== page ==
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The Urban Tap House, owned by the renowned Tiny Rebel brewing company is one of the best pubs in Cardiff (please let us know if you are over 18 and would like to stop here for a drink as part of the tour). From outside the pub, we will be able to see The Principality Stadium, formally the Millenium Stadium, which is home to Welsh Rugby and several episodes of Doctor Who. Whilst here we will explain how Ruby, a sport developed in an English Public School became the national sport of Wales, how the Millenium Stadium became the first sports stadium in Europe to have a closable roof, why the north stand of the old Cardiff Arm's Park was included in the building, and why for several years the home to Welsh Ruby became the home of the Football Association's Cup Final. Finally, we will explain how the stadium, with its multi-purpose use, has welcomed some of the biggest names in the music business to Wales for the first time.

Duration: 20 minutes

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Spillers Records is the oldest record shop in the world and is a South Wales institution. Everyone who lives in, or near Cardiff has brought at least one record from this amazing part of local history. Regardless of your musical tastes, Spillers will have something for you - often a record that you didn't even know you needed in your life but which will find its way into your possessions and your heart.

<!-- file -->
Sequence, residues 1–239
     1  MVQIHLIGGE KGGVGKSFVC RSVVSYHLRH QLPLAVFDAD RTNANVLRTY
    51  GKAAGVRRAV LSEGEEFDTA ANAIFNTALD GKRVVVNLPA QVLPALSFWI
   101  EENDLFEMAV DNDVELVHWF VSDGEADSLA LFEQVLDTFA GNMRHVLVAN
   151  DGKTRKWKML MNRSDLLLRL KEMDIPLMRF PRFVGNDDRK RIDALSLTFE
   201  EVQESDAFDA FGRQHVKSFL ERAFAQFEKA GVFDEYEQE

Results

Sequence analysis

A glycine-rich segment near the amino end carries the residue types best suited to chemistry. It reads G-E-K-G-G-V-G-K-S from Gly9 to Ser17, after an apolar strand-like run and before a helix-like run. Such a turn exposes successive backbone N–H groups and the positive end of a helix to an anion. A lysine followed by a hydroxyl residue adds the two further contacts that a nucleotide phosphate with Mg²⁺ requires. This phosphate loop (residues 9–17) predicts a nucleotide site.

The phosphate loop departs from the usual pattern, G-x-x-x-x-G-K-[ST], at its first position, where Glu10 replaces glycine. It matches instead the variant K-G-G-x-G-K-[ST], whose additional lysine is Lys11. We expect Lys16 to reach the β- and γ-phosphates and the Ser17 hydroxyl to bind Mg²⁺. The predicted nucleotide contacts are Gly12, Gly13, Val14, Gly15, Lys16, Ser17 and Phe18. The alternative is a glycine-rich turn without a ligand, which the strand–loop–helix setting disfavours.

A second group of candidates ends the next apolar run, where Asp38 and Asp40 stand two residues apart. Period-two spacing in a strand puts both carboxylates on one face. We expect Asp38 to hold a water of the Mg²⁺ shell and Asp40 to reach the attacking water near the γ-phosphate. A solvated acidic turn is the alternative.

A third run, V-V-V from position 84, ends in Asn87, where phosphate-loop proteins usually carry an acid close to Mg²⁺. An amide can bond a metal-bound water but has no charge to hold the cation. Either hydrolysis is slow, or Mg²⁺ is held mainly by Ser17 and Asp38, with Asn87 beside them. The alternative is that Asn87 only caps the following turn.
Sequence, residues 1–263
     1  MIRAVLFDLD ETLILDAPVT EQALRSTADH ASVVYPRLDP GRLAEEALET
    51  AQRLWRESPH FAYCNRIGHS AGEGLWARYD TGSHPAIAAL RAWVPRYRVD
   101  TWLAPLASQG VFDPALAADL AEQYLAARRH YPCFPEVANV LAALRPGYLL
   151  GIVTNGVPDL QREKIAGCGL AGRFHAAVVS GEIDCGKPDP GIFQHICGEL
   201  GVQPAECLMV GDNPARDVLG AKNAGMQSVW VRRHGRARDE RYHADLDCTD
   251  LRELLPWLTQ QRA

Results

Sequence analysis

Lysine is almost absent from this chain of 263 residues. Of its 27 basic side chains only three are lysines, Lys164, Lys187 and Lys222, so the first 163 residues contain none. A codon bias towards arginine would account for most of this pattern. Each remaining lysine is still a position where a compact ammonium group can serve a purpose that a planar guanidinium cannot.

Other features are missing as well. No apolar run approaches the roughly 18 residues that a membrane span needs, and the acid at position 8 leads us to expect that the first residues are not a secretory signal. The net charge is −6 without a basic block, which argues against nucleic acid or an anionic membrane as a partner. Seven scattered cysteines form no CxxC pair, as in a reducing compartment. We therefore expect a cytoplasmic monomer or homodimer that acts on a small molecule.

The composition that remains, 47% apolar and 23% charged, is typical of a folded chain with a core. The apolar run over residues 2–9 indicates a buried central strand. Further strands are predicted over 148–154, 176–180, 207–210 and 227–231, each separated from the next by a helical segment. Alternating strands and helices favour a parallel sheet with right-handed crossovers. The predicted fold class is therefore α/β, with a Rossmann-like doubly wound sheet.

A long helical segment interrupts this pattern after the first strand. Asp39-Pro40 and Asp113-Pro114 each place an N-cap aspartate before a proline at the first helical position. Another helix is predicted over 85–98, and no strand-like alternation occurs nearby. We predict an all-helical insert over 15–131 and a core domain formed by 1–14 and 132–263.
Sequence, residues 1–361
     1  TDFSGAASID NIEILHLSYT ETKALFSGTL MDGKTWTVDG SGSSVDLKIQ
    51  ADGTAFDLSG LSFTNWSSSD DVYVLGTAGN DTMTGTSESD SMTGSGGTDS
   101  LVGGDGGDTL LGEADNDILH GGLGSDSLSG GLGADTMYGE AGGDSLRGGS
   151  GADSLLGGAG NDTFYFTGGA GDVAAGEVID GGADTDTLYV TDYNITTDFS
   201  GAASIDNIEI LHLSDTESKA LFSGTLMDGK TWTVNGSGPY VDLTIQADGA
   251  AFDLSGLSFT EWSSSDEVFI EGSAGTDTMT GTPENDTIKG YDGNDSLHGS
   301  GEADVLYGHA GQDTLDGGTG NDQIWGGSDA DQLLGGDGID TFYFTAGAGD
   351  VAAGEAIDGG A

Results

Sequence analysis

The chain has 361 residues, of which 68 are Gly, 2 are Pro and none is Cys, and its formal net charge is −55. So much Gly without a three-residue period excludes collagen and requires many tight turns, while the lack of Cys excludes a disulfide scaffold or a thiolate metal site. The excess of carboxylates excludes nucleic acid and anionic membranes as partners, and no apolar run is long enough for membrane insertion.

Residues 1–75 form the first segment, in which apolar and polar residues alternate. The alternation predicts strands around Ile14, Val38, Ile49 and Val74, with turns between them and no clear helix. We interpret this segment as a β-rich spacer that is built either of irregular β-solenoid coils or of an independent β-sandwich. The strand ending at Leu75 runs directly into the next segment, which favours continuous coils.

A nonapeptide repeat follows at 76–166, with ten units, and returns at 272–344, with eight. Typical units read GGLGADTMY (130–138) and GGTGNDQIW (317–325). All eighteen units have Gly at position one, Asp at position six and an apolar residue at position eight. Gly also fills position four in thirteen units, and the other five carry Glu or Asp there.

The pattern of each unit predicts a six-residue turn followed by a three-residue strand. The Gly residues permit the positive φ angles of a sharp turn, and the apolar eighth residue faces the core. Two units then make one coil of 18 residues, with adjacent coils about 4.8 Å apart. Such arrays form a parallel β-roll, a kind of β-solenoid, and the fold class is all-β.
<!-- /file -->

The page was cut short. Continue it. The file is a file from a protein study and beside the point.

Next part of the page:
Duration: 15 minutes

Stop At: Cardiff Central Market

Cardiff's impressive Victorian covered market is another location that you might not experience unless a local took you there. A favourite with Cardiffians for its diverse range of products on offer, ranging from second-hand books to cakes, to fresh meat and fish, the market is a centre of food excellence. Whilst walking through the market you are free to stop and sample the local delicacies, explore the stalls, and spend, spend, spend! Previously home to Cardiff's Goal (or Jail) it was outside Cardiff Market where Dic Pendryn was executed. One of Wales' most famous historical figures (although few people outside of Wales have heard of him), your guide will tell you how Dic, a labourer from nearby Merthyr Tydfil was charged with killing a soldier with a bayonet during the famous Merthyr Rising and hanged on the orders of Lord Melbourne - Queen Victoria's first Prime Minister - who was Home Secretary at the time of the riots.

Duration: 20 minutes